Located 2,600 miles southwest of Hawaii, the National Park of American Samoa is the most remote unit of the National Park System and the U.S. National Park south of the Equator. The Park spreads across three islands, 9,500 acres of tropical rainforest, and 4,000 acres of ocean, including coral reefs. While remote, the islands of American Samoa, true to the meaning of the word Samoa (Islands of Sacred Earth), are welcoming and offer beautiful landscapes and centuries of culture and history.
Seasoned backpacker and adventurer Yang Lu earned the grand prize in the 2015 Share the Experience photo contest with this image of a sunburst captured at sunrise in Glen Canyon National Recreation Area, Utah. Yang has made the outdoors part of his daily life and finds deep connection to the land through his lens.
“My photography is not just for recreation, it is to inspire people to explore these areas." -- Yang Lu
Photo by Yang Lu (www.sharetheexperience.org).
The plantings of cherry trees originated in 1912 as a gift of friendship to the People of the United States from the People of Japan. In Japan, the flowering cherry tree, or "Sakura," is an exalted flowering plant. The beauty of the cherry blossom is a potent symbol equated with the evanescence of human life and epitomizes the transformation of Japanese culture throughout the ages.
Secretary Jewell to Deliver Keynote Remarks at Naturalization Ceremony in Seattle
Event to be Held at Refugee Women's Alliance in Celebration of Women's Equality Day
Last edited 4/27/2016
SEATTLE, WA – On Monday, August 26, Secretary of the Interior Sally Jewell will deliver keynote remarks at a naturalization ceremony for approximately 20 candidates for citizenship hosted at the Refugee Women's Alliance in Seattle. Secretary Jewell, who immigrated to the United States with her parents from England as a young girl, will also help to present certificates of citizenship to the candidates, some of whom entered the U.S. as refugees.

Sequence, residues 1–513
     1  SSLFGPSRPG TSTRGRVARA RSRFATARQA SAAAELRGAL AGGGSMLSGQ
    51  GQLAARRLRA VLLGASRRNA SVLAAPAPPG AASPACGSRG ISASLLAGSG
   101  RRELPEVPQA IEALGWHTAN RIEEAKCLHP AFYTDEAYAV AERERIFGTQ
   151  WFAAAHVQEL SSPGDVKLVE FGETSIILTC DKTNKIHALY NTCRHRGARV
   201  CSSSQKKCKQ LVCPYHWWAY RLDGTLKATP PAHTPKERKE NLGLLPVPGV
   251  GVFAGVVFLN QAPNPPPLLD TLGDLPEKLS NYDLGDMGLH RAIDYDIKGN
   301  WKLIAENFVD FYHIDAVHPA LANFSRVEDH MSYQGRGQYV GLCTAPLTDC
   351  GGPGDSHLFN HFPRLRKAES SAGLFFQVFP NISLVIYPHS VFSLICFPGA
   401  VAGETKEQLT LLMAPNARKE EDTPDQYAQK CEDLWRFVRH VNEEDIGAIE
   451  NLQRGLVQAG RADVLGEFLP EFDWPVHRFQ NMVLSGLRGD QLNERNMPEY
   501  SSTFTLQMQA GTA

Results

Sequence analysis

The event highlights the Obama Administration's across the board commitment to passing comprehensive immigration reform. Secretary Jewell will highlight the economic importance of providing a pathway to earned citizenship for the 11 million undocumented immigrants currently living and working in the U.S. today.
This month, the White House issued a report, detailing how a range of economic research concludes that immigrants who live and work in the U.S. earn far less than their potential, pay a smaller amount in taxes, and contribute much less to the country's economy than they would, given the opportunity to gain legal status. The report estimates that providing earned citizenship for these workers would boost U.S. GDP by $1.4 trillion over 10 years in additional tax revenue, and add about 2 million jobs to the economy.